here are some books you might find helpful:

(1) mysticism by Evelyn Underhill

here's a page that explains the words of W.T. Stace, and lists some of his books.

w.t. stace

Metacrock said...

Mystiim by Evelyn Underhill

Metacrock said...

Tristin D. Vickey

Also, the claim that God is infinite is ultimately an unjustified one.

why? That really makes no sense at all. God is the basis of reality wouldn't expect him to be "bigger" than reality in some way?

And if knowledge of God can only be framed within our limited and faulty subjective understanding, then how can we know God is an infinite being?

Logic

My question is, how is this description of God something other than sentiment?

experience and logic

Finally, if experience(s) of God can ultimately be explained naturally, and let's assume for the sake of the argument they can, assuming God exists how can we differentiate between an event which is a genuine God-experience and one which simply occurs by accident which looks identical to a God-experience?


I've already answered that. There are two levels: (1) the actual mechanism of the experiences; (2) its' effects. If the mechanism is identical to the natural that doesn't mean the effect are identical.

If the effects are beyond what they would seem in the natural then that would indicate something other than natural is involved.

for example the tendency of mystical experience to repair one's life and make one better person.


As I am a layman when it comes to philosophy, please excuse my naivete. I am looking forward to your reply. Thank you.

Hey problem buddy. we are here to teach and learn form each other.

Metacrock said...

I mean "NO Problem." sometimes my mind works faster than my fingers. my mouth ofter works father than both.

Johnny P said...

I dont' see what's incohernet about it:

(1) there is no place where God is not (omnipresent). So there's enough God to strati outfought all l existing space. all worlds are full of God. God is limitless in a physical sense. At least in terms of the reality in which we exist


This assumes that there are infinite places. This is only possible in some versions of the multiverse theory. Even then, this is one aspect of God only. Ie, he is infinite in position. You would first have to prove infinite spaces and then that God occupied them.

(2) God is limitless in power. that doesn't mean that he's not limited by logical necessity. But within the bounds of logical necessity there's nothing he can't do.

And we start getting into trouble here. First of all, if God has unlimited power, how would he even know this. In order to know one has power, one has to be able to test that out. He would have to create a universe where he could test out such a power. Let’s keep it simple. He has the power to life any weight. He wouldn’t know this, or even have the experience of this (and surely an omniscient God would need the knowledge of what it feels like to have done this, otherwise he isn’t truly omniscient).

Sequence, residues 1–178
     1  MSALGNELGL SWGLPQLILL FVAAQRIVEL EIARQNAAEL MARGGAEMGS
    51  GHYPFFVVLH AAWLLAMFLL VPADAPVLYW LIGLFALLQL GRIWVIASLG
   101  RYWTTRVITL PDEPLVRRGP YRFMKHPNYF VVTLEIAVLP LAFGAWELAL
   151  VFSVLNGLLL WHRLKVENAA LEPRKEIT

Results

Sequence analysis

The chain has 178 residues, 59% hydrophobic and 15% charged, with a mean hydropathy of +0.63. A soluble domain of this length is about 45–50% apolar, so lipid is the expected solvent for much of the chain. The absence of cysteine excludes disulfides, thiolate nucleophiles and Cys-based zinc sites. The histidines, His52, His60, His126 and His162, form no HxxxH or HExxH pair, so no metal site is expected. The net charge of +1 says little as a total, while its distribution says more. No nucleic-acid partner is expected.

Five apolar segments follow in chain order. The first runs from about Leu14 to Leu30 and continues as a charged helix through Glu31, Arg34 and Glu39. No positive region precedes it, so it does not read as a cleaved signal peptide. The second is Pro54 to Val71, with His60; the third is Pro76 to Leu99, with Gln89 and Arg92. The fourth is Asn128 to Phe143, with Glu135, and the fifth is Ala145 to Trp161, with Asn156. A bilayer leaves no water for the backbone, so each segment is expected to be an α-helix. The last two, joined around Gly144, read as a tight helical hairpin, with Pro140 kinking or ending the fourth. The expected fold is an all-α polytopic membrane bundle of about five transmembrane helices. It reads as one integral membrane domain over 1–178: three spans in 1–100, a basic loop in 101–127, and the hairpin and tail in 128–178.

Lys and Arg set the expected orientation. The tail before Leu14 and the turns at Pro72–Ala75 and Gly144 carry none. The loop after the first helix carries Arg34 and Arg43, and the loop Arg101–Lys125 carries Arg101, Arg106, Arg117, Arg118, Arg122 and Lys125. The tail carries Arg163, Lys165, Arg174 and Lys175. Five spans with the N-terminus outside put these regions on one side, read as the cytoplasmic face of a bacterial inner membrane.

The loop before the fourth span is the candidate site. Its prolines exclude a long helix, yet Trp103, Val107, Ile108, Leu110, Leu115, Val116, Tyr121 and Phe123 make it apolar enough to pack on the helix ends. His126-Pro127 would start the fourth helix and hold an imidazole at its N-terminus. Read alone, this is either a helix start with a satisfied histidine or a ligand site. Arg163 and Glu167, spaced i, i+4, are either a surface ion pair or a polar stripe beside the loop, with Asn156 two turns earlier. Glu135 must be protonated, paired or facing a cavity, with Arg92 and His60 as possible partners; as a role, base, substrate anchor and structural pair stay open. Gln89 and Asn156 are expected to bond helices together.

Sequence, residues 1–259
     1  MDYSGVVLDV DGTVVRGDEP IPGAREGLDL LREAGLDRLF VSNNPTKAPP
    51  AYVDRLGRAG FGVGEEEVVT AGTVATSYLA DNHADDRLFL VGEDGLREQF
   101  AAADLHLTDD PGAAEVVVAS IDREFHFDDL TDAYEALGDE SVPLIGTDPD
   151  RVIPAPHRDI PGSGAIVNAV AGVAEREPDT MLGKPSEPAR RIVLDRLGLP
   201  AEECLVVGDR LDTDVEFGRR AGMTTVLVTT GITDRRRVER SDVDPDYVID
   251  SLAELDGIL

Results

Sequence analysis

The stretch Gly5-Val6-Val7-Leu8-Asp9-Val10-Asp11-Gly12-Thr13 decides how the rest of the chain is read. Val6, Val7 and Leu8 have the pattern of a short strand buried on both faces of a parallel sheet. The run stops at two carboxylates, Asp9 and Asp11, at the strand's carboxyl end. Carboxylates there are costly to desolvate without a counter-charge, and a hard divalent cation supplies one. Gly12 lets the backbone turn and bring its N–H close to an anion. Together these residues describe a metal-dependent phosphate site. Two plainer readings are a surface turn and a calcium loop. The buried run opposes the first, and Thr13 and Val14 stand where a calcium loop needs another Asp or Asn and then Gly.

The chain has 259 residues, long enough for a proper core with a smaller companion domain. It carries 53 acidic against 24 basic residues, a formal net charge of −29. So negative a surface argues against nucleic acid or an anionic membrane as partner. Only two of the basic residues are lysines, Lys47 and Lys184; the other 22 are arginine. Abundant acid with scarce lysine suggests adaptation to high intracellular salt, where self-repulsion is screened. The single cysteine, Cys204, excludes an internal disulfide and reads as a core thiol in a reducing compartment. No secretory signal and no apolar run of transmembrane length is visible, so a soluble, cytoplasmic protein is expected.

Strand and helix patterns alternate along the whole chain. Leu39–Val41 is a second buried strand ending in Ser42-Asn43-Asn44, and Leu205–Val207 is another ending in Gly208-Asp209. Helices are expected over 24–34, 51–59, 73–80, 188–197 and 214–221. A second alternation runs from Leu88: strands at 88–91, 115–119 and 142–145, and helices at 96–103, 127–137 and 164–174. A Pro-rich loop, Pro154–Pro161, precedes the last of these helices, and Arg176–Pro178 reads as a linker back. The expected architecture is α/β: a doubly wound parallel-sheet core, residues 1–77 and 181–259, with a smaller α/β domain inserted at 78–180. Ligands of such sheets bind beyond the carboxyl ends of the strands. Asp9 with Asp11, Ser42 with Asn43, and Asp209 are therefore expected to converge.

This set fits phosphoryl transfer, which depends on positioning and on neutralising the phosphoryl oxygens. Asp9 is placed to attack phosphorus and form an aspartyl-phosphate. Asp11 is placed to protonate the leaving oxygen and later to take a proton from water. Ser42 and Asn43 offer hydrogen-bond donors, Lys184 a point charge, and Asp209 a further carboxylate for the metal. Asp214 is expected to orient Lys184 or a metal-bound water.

The best you can say is that he has maximal powers since not all powers cohere, as pointed out. One cannot be infinitely merciful and infinitely just. Indeed, it is questionable whether infinites can be adequately applied to qualities other than in the application of the qualities to concrete examples. In other words, I could be kind enough to give you one apple, two apples, three… infinite. However, kindness is more adequately seen as a proportion or percentage.


(3) Limitless understanding. no bounds to God's understanding within logical necessity. If something is not understandable such as uncertainty principle its an open question, but in terms of that which can be understood logically there is no limit for God.

You would need to define understanding. God cannot, logically, be omniscient. He cannot know everything. There is a simply internal inconsistency to knowledge. One can’t KNOW that one knows everything since one can’t know what one doesn’t know. God can presume he knows everything. He might well think he knows everything. But he can’t know that he knows everything, and so omniscience is impossible and needs closer defining. You may then say that this defies the rules of logic and that omniscience means that he knows everything apart from that which he doesn’t know (almost tautologous). However, God cannot know that he, himself, is not in the Matrix. He actually would fall foul of Descartes Evil Demon.


(4) timeless, beyond time

Well, he was only beyond time before the creation of spacetime. Even this is nonsensical since you cannot have before time. Not only would God have to contravene the laws (logical) of causality in order to create atemporally, but

No one thinks that all of God entered creation. God is both in creation and beyond it. Thus both in time and beyond time.

Er, not according to William Lane Craig, and he studied it for 12 years. Most theologians concede that God was atemporal before creation and then had to enter it at creation. Also, there are other implications of time, such as A and B Theory which, although not entirely pertinent here, are crucial to understanding whether we have free will or not.

Johnny P said...